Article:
A while back we wrote about how Objective sections in resumes are outdated and recruiters don’t find them useful (Get Rid of that “Objective Section” on Your Resume ASAP).  So, what should you have instead?

A great Summary section.

A Summary is your opportunity to answer the “tell me about yourself” question succinctly.  It’s a chance to emphasize your key skills, experience and career highlights so that a recruiter can quickly see your potential suitability to an open position.  The Summary is the first, and often one of the only things a recruiter reads.

A good summary statement should be a part of every resume but it’s particularly useful if you are:

  1. A recent college graduate.  You can highlight the skills that are most relevant to the job.  The positions you held previously and the companies you worked at might not match what you are applying for but you can highlight the skills you learned that are transferable.  It’s also a place to showcase your education and academic achievements up front, instead of only at the end where education shows up.

  2. Someone making a career change or switching industries.   Again, you have the chance right up front to feature what you know that is relevant and transferable to the position.  Without this, a recruiter or hiring manager might assume you’re not a fit because your work experience isn’t traditional or what they expect to see.

  3. Experienced professionals with diverse experience or a lengthy work history.   In this case, the Summary serves as an “executive summary” of your resume. You can pull the most relevant and impressive skills and career accomplishments and present them at the top.  A recruiter can get more detail if they read your specific work experience but this overview is a helpful way to pull them in.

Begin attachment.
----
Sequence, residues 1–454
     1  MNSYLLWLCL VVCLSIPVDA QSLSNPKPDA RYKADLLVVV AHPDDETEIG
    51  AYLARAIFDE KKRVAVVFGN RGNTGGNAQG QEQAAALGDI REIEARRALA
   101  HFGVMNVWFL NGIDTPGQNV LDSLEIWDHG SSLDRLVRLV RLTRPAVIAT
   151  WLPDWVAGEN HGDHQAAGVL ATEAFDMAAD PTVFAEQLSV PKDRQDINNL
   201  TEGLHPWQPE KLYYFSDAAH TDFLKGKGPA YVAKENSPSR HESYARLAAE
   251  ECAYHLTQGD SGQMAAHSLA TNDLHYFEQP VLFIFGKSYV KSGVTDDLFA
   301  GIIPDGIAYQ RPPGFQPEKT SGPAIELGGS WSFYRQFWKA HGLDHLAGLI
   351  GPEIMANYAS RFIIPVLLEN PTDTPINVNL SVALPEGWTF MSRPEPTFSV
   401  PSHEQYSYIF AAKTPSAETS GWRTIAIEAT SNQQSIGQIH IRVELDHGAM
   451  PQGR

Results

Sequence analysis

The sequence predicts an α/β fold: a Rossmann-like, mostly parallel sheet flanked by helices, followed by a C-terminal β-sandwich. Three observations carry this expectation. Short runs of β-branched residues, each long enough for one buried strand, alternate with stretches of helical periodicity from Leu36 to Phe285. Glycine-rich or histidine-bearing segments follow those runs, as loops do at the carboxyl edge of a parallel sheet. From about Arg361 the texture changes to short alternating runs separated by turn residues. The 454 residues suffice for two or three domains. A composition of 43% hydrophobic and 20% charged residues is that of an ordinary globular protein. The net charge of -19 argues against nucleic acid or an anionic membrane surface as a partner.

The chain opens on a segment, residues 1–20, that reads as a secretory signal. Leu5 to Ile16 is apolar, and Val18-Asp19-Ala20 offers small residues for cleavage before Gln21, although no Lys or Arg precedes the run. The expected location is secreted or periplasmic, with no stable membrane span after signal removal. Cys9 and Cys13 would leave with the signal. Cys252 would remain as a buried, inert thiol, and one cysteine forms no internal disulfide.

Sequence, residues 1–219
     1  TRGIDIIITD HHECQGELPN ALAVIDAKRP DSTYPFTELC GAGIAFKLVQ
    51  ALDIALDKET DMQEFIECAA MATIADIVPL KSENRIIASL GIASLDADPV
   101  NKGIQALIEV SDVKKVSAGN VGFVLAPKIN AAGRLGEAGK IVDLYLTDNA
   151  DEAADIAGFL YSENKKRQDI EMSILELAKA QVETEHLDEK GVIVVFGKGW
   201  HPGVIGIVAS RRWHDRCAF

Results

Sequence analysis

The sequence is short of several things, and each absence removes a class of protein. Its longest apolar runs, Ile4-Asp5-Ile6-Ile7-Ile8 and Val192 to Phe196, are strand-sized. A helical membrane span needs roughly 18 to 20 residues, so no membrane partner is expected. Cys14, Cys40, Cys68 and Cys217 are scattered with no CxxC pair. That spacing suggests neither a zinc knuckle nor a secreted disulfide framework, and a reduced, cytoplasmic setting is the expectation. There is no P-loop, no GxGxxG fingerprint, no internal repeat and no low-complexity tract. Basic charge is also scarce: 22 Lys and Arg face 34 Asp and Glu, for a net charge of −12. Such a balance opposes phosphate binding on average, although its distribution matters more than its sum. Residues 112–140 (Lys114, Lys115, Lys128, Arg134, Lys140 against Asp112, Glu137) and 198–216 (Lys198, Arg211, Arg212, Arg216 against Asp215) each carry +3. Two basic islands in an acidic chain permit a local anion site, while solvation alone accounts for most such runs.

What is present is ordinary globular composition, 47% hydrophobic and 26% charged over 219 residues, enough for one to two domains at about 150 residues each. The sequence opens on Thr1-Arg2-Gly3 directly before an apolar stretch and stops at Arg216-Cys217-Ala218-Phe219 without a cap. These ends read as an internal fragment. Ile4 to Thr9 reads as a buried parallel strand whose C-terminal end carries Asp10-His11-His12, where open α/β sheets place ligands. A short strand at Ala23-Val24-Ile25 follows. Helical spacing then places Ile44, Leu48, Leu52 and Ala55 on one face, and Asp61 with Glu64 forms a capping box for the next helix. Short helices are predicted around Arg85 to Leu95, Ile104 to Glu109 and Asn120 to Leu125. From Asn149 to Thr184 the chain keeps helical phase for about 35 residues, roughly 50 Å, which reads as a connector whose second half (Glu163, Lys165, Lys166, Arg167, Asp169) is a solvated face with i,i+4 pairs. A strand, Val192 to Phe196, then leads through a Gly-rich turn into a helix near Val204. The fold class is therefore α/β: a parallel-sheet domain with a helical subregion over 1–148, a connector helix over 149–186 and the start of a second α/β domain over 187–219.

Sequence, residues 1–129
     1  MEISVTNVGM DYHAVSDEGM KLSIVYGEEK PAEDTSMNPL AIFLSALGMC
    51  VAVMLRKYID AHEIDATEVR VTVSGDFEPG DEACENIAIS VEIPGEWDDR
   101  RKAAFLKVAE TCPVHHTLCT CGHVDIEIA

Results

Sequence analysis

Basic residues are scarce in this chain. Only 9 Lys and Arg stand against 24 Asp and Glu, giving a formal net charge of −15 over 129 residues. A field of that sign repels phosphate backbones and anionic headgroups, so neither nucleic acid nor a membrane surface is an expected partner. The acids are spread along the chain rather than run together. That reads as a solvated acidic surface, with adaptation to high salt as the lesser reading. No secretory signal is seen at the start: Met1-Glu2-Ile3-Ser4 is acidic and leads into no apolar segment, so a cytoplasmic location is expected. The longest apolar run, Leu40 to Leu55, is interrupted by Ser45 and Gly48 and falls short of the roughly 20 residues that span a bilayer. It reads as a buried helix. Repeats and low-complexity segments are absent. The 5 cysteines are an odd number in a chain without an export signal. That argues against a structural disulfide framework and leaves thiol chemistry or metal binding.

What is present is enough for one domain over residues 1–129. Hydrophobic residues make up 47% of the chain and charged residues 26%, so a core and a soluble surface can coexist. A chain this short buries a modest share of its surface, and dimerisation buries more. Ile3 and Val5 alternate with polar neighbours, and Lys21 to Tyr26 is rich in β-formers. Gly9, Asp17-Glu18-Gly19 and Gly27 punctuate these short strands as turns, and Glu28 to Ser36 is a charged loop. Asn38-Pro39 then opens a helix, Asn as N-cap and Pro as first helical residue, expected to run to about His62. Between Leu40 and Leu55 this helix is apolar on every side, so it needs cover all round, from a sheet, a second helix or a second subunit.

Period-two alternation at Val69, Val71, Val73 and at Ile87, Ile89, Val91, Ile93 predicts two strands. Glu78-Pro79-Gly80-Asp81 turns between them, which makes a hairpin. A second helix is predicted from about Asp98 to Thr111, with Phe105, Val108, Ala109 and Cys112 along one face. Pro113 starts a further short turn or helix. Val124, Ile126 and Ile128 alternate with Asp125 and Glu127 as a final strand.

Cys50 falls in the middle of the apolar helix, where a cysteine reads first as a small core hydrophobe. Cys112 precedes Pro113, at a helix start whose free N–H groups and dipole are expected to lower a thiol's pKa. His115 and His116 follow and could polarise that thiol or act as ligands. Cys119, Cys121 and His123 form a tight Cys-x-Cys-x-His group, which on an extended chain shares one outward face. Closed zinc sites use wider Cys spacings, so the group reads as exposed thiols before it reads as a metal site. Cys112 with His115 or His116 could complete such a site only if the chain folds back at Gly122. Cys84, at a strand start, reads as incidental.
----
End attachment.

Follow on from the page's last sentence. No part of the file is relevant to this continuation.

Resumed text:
How do you create a Summary section?

Think about the most critical skills and experience that you have – three or four is enough.  What are the most important things that you would want to tell a recruiter about yourself if you were speaking with them?  Make sure that they align with the job description and requirements.  Are you familiar with the term Elevator Speech or Pitch?  Think of your Summary as a personal elevator pitch, an opportunity to tell the reviewer about the strengths and accomplishments that truly make you stand out as a candidate.

For example, you might highlight your expertise in drawing engineering plans, your ability to manage large technical projects, or your years of managing an IT department or team.  Depending on the length of your career these will vary.  Senior IT professionals and managers should definitely include business skills along with their technical expertise.  Write your statements using specifics to support your claims.  Consider the difference between these:

  1. Significant technical experience

    – or –

  1. Leverages technical expertise on hardware setup and configuration to ensure exceptional user support and resolve operational issues.

  1. Experience with security and classified information.

– or –

  1. Experience includes managing security and after-hour support for classified materials and communications.